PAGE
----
Unni Wikan

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Unni Wikan (born 1944) is professor of social anthropology at the University of Oslo, Norway. She has served as visiting professor at the University of Chicago (2011), Harvard University (1999-2000), Goethe University, Frankfurt (2000), London School of Economics (1997), École des Hautes Études en Sciences Sociales, Paris (1996). She has also been a visiting scholar at Harvard University (1995), guest lecturer at Harvard [1987), guest lecturer at Ben-Gurion University of the Negev, Israel (1983) and visiting assistant professor at Johns Hopkins University (1977).

Wikan has also worked as a consultant to UNICEF and the World Food Programme in Bhutan from 1989 to 1994, the Norwegian Agency for Development Cooperation in Palestine in 1999, and United Nations Development Program in Yemen (2004).

For almost ten years, Wikan has campaigned to change Norwegian policies towards immigrants, arguing that generous welfare and a policy of multicultural tolerance are creating a culture of welfare dependence, and destroying self-respect. A reviewer of her book "Generous Betrayal: Politics of Culture in the New Europe" claims that she used invalid methodology, not giving "a far more complex social reality" its due. "'Unsympathetic readers" might see it as a "racist polemic."[1]

She has argued that far from being a racist, she has significant empathy for the lives of many of the Muslim men she has portrayed in her most recent books. In a well-known case in Norway (The Anooshe case) she argued that the state had not taken into account the social expectations of immigrant men, and this had led to rootless men whose social expectations were not met or even acknowledged, arguing that violence is a product of immigrant conditions when host country laws conflict with the “unwritten social rules” of immigrant societies. [2]

In 2001 debate about the culture of rape amongst Muslim immigrants in Norway, she said that Norwegian women are 'blind and naive' towards non-Western immigrants. "I will not blame the rapes on Norwegian women. but Norwegian women must understand that we live in a Multicultural society and adapt themselves to it." "Norwegian women must take their share of responsibility for these rapes." For example, by not inviting into their homes Muslim men with little knowledge of Norwegian culture.[3]

Wikan has performed field work in a number of countries (Egypt, Oman, Yemen, Indonesia, Bhutan, Scandinavia) and her research has resulted in ten books being published. Her works have been translated into Japanese, Arabic, Kurdish, Portuguese, Swedish, Danish, German, and Italian.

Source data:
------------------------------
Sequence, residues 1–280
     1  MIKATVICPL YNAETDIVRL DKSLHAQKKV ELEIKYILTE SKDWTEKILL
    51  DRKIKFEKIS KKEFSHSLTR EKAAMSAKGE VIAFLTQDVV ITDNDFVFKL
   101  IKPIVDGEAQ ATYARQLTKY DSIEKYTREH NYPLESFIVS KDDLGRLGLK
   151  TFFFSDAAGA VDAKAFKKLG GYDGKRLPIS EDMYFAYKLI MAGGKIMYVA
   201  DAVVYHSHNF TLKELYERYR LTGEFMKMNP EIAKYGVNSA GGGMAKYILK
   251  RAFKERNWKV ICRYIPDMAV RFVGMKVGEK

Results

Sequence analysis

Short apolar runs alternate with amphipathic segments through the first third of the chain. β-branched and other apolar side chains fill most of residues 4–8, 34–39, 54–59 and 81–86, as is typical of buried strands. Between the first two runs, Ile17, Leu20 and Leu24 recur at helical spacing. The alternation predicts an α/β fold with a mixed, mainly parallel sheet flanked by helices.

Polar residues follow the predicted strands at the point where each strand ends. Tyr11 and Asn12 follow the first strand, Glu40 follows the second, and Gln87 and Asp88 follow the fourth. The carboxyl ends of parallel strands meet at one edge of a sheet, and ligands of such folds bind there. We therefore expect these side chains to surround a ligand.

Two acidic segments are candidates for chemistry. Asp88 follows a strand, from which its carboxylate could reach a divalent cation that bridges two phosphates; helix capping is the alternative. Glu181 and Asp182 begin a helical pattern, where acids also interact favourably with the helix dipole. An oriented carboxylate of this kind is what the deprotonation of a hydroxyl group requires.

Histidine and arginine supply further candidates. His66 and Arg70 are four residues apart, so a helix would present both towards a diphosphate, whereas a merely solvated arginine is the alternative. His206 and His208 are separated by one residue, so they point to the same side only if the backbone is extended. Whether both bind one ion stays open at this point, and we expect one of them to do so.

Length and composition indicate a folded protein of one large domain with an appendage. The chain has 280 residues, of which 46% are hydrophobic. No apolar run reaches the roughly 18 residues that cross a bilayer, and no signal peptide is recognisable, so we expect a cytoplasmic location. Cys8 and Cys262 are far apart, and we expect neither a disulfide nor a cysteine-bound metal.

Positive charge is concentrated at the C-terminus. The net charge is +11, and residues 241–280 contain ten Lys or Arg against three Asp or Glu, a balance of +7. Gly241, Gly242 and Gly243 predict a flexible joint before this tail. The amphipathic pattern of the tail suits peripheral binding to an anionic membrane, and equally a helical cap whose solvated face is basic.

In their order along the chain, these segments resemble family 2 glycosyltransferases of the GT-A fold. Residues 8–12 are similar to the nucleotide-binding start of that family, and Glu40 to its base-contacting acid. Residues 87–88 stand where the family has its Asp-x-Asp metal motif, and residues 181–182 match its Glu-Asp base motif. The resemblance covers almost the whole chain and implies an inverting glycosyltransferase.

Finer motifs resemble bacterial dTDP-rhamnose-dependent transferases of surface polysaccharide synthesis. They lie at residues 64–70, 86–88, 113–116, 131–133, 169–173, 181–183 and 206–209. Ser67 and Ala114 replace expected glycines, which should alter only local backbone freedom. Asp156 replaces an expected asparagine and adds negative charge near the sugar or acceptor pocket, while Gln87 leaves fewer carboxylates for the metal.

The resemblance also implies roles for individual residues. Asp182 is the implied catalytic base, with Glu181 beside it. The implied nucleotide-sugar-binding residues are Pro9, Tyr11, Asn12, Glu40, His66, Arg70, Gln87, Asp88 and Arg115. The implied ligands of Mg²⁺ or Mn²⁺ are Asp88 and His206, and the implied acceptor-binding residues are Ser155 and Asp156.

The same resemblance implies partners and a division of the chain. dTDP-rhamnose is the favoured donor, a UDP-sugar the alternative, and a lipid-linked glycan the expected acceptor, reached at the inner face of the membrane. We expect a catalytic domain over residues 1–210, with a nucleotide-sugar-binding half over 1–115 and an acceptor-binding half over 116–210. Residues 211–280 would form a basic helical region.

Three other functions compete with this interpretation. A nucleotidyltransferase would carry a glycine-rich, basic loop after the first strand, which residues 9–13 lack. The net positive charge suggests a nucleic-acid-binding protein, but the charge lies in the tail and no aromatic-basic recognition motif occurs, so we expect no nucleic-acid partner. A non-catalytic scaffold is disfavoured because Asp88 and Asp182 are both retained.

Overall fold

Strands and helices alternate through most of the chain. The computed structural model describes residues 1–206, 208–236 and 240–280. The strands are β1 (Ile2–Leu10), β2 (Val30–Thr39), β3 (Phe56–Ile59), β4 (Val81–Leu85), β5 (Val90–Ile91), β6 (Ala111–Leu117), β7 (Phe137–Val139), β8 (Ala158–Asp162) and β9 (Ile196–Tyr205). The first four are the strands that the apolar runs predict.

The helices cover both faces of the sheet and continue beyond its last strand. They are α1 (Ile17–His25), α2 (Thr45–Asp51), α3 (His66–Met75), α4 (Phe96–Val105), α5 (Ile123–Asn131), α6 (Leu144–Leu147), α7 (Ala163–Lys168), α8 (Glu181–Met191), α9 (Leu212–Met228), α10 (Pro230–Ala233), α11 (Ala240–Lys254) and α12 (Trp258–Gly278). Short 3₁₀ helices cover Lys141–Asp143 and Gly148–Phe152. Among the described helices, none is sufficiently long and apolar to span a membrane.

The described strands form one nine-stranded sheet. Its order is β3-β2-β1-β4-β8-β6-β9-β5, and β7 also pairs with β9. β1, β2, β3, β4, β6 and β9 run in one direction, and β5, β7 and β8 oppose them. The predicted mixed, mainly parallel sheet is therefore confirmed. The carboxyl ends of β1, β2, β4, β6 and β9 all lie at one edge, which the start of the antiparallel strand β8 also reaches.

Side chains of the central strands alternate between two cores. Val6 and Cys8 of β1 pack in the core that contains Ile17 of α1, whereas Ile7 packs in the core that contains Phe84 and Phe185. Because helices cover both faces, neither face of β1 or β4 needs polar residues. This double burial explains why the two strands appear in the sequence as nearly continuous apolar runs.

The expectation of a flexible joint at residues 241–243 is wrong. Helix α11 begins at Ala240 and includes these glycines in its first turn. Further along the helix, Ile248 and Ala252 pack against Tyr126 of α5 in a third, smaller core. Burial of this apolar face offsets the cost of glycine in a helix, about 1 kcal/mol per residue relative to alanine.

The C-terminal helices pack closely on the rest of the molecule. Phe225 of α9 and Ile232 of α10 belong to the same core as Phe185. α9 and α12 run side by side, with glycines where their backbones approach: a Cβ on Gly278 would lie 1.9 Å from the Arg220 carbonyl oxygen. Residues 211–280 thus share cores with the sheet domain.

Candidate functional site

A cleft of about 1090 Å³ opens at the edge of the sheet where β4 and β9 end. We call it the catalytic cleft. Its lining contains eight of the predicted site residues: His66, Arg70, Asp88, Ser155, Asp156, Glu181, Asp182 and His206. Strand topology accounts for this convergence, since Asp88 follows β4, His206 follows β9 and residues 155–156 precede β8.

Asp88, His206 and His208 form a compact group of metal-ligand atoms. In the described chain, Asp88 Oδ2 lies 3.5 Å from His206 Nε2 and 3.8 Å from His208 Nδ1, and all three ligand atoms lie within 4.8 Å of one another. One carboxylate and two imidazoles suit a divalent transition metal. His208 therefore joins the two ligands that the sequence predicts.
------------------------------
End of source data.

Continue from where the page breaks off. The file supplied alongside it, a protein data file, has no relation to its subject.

Wikan was awarded the 2004 Fritt Ord Award "for her insightful, outspoken and challenging contribution to the debate on value conflicts in the multi-cultural society."[4]

She is a member of the Norwegian Academy of Science and Letters.[5]

Writings[edit]

  • Life Among the Poor in Cairo (Tavistock 1980) ISBN 978-0-422-76980-8
  • Behind the Veil in Arabia: Women in Oman (Johns Hopkins University Press, 1982; paperback, Univ. of Chicago Press, 1991) ISBN 978-0-226-89683-0
  • Managing Turbulent Hearts: A Balinese Formula for Living (University of Chicago Press, 1990) ISBN 978-0-226-89680-9
  • Mot en ny norsk underklasse: Innvandrere, kultur og integrasjon (Gyldendal, 1995) ISBN 978-82-05-23509-0
  • Tomorrow, God Willing: Self-Made Destinies in Cairo (University of Chicago Press, 1996) ISBN 978-0-226-89835-3
  • Generous Betrayal: Politics of Culture in the New Europe (University of Chicago Press, 2002) ISBN 978-0-226-89685-4
  • For ærens skyld - Fadime til ettertanke (Scandinavian University Press, 2003)
  • Medmennesker: 35 år i Kairos bakgater" (Pax, 2004) 9788253027388
  • "Om ære." (Pax, 2008) ISBN 978-82-530-3096-8
  • In Honor of Fadime: Murder and Shame (University of Chicago Press, 2008) ISBN 978-0-226-89686-1 Read an excerpt.
  • "Resonance: Beyond the Words" (University of Chicago Press, forthcoming November 2012)

Notes[edit]

  1. ^ Book review of "Generous Betrayal: Politics of Culture in the New Europe"[1] by Paul A. Silverstein, American Ethnologist, November 1, 2004
  2. ^ Culcom:Cultural Complexity in the New Norway, Interview with U. Wikan, February, 2006
  3. ^ "Mener norske jenter frister til sex", Dagbladet, September 6th, 2001
  4. ^ Annual Report 2004, Freedom of Expression Foundation, Oslo
  5. ^ "Gruppe 2: Kulturfag og estetiske fag" (in Norwegian). Norwegian Academy of Science and Letters. Retrieved 28 October 2009. 

External links[edit]

Awards
Preceded by
Berge Furre
Recipient of the Fritt Ord Award
2004
Succeeded by
Nina Witoszek